• Champagne "not profitable enough"
  • Seeks to invest sale proceeds in Cognac
  • Diageo out, Pernod Ricard, Bacardi in?
Remy Cointreau puts Piper-Heidsieck on the block

Remy Cointreau puts Piper-Heidsieck on the block

Remy Cointreau has said that its Champagne arm is unprofitable and the group hopes to reinvest proceeds from selling the business into Cognac and other spirits.

A spokesperson for Remy Cointreau told just-drinks today (16 November) that the French drinks group has reviewed its profit targets and that its Champagne business does not make the grade. Remy said yesterday that it has hired Credit Agricole bank to set up a bidding process for Piper-Heidsieck and Charles Heidsieck Champagne brands and related assets.  

"This is part of our value strategy for the group," said Remy's Paris-based spokesperson. "Champagne is not profitable enough," she said, adding: "We want to reinvest in our high-end brands in order to accelerate growth."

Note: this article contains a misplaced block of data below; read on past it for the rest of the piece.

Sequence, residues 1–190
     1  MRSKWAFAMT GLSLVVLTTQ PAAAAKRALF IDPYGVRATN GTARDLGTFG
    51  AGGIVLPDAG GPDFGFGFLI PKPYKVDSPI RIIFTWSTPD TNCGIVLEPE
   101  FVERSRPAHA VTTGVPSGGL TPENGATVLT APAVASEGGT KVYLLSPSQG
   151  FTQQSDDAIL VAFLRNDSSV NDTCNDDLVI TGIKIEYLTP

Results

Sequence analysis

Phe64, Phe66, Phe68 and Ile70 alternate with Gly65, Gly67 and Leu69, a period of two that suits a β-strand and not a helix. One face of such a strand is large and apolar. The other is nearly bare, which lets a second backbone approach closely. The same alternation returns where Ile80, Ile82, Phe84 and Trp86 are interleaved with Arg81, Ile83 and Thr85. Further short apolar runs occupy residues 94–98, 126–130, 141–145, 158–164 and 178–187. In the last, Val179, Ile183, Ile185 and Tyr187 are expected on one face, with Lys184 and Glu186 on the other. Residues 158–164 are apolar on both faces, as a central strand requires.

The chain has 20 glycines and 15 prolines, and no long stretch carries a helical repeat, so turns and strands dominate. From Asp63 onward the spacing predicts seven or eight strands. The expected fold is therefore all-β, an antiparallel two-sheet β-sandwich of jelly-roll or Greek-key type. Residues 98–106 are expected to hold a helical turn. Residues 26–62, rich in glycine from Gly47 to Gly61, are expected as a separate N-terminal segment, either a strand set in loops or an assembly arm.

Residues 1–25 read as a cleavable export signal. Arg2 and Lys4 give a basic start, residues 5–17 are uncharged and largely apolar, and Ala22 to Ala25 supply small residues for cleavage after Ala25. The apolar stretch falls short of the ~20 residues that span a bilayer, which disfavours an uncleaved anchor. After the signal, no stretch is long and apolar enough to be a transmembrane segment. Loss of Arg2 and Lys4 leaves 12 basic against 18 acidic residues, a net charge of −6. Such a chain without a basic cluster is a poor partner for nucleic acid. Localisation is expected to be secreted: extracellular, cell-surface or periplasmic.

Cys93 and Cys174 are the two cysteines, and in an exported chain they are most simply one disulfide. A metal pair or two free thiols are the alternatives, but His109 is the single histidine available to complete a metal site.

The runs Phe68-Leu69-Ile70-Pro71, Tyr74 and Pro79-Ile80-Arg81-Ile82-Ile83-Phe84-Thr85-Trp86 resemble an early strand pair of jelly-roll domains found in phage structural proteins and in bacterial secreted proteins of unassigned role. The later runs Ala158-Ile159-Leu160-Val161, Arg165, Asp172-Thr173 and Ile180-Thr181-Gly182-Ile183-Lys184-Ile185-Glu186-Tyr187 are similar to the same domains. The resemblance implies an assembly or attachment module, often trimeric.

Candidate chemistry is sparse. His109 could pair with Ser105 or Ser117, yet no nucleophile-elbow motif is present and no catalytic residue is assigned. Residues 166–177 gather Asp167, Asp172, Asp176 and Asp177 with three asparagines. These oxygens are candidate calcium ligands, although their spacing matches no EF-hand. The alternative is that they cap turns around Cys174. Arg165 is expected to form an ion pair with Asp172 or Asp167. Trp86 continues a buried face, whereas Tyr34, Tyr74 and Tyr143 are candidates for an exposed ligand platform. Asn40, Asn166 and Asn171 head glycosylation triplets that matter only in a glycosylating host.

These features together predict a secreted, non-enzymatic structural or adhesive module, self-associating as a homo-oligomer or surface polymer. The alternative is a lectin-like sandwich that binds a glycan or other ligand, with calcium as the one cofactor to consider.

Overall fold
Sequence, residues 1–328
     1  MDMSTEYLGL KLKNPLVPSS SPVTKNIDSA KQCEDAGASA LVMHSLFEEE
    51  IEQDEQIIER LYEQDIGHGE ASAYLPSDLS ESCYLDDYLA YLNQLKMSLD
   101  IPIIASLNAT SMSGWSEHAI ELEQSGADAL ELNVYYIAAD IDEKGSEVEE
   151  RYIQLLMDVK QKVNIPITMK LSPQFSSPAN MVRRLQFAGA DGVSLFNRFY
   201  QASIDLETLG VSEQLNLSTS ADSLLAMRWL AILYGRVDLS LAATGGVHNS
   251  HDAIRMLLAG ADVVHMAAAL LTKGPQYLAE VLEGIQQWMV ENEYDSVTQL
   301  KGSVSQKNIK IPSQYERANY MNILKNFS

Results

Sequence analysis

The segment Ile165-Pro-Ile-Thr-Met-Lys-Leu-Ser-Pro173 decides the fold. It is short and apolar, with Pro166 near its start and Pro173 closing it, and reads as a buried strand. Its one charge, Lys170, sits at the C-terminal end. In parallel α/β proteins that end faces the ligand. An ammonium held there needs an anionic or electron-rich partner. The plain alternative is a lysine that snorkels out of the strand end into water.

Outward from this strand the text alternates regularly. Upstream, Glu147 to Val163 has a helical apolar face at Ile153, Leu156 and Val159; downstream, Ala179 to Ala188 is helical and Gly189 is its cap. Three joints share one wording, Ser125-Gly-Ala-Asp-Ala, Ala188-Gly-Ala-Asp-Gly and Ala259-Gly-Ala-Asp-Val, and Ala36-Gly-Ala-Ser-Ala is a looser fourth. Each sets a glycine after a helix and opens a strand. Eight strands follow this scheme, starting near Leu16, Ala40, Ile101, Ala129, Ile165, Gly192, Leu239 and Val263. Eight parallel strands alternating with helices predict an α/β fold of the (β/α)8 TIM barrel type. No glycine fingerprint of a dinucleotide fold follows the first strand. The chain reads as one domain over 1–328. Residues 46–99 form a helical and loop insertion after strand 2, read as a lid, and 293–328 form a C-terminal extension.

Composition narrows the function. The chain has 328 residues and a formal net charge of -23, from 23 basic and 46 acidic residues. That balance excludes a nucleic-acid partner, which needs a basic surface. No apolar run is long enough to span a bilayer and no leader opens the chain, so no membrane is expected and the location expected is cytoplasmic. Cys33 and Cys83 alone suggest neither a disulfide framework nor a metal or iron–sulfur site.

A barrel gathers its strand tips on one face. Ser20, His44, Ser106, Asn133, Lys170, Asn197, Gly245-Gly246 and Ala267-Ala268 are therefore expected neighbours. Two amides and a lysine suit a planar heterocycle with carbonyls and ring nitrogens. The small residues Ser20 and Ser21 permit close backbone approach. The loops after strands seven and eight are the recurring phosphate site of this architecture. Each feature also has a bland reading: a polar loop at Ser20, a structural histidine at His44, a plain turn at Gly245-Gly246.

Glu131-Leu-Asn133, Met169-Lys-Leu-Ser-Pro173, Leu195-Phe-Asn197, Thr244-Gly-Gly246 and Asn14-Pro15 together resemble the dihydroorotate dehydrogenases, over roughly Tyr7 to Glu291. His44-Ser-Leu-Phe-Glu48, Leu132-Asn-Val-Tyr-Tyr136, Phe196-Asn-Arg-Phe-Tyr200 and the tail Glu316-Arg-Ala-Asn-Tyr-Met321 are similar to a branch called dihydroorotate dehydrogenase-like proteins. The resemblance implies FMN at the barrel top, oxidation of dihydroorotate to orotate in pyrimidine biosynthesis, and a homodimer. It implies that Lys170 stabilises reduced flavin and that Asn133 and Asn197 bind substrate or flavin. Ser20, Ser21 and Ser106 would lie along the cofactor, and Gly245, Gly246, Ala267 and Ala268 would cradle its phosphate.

The French firm is particularly keen to invest more behind the Remy Martin Cognac brand in Asia. China became the firm's largest market in net sales terms during its most recent fiscal year and premium Remy Martin Cognac has continued to perform well there in recent months.

The group also sells Passoa, Mount Gay rum and Cointreau and wants to put more resources into its spirits & liqueurs division.

Remy's Champagne arm swung to operating losses of EUR4m (US$5.4m) in the year to the end of March 2010, versus profits of EUR14m a year earlier. The firm's Cognac division, meanwhile, increased operating profits by 38% for the year, to EUR106m.

Analysts believe that the Champagne business could fetch around EUR200m, although the price will inevitably depend upon the auction process. In 2004, Remy muted the idea of selling its Champagne arm, but it held on to the business after receiving what were thought to be below-par offers.

A wide number of companies, from the drinks sector and private equity, could be interested in the business. However, just-drinks understands that Diageo, which already holds a minority stake in Moet Hennessy, has ruled itself out of the bidding. Bacardi is considered a possible suitor, as is Pernod Ricard, although the latter is focused on reducing debt.    

Remy's spokesperson told just-drinks that there is "no timetable" for the auction process.

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